Attorney Proposes Licensing Music Distribution, Not Downloading

February 22, 2007


Bennett Lincoff, an “intellectual property law attorney”, has recently proposed a new solution for the end of the DRM battle: licencing music distribution instead of music downloading. By altering copyright law so that the only right consumers would need to license from record labels is the right to distribute music would make downloading or streaming free; consumers and owners of networks would only need to secure licensing in order to redistribute a song.

Wired News published a summary of Lincoff’s proposal,”Fixing What Is Badly Broken”. Read an excerpt and comment. Do you think this could be the way to go?

(Links to: full summary; full article)

“Recently, I published a Musical Licensing White Paper through my web site. In it, I propose an alternative to the music industry’s traditional sales-based revenue model for purposes of digital transmissions of sound recordings and of the musical works embodied in them. (…)

“To begin with, consumers would not incur any liability merely for surfing the web, accessing streaming media, or downloading music files. Copying for personal use also would not require authorization. To be sure, consumers still would be required to pay network operators for Internet access, and they may be required to pay audio service providers for their activities on particular web sites or services. But whether consumers listen to streams or download recordings; make one or many copies of a recording for personal use; or use recordings on one or several playback devices would have no effect on their obligation to music industry rights holders. None of this conduct would require consumers to obtain licenses or pay license fees under the digital transmission right; and should not otherwise.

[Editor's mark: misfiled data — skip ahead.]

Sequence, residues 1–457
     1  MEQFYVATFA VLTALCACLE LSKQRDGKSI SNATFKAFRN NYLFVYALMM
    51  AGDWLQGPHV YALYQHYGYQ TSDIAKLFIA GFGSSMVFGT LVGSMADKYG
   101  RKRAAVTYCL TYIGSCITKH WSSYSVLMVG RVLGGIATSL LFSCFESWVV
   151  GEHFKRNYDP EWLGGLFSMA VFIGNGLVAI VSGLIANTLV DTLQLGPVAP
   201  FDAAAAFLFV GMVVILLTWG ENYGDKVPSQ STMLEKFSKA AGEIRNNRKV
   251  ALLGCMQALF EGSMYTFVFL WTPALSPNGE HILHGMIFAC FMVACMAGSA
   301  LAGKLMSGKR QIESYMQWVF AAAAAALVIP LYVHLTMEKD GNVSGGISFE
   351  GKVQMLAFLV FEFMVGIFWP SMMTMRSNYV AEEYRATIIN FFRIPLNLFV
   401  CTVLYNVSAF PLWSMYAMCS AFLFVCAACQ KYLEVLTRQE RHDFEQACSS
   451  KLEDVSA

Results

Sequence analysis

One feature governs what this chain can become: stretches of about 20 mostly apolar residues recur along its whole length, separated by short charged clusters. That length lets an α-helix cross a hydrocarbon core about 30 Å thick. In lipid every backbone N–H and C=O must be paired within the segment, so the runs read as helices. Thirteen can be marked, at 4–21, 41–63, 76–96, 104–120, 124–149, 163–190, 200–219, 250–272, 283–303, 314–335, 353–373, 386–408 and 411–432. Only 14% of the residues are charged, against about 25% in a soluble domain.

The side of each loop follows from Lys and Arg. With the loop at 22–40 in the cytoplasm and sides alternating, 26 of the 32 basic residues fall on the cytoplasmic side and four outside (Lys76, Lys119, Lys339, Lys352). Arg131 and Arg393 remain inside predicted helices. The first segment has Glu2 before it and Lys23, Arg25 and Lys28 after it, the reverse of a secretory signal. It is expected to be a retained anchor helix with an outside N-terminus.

“On the other hand, consumers would need licenses whenever they act as digital audio service providers in their own right; that is, whenever they are responsible for the digital transmissions at issue. By way of example, consumers would need authorization if they operate music-enabled personal or hobby web sites; or if they upload music files to a web site or service that does not have its own license under the digital transmission right authorizing this activity by users of its service (known as a ‘through-to-the-user license’); or, if they offer recordings to others through participation in a P2P file-sharing network, or similar service, that does not have a through-to-the-user license. (…)

“(…) Licensed transmissions of recorded music would be made available from the largest number and widest array of sources, anytime, anywhere, to anyone with network access; and consumers would be free to enjoy music when, where and how they themselves decide.”

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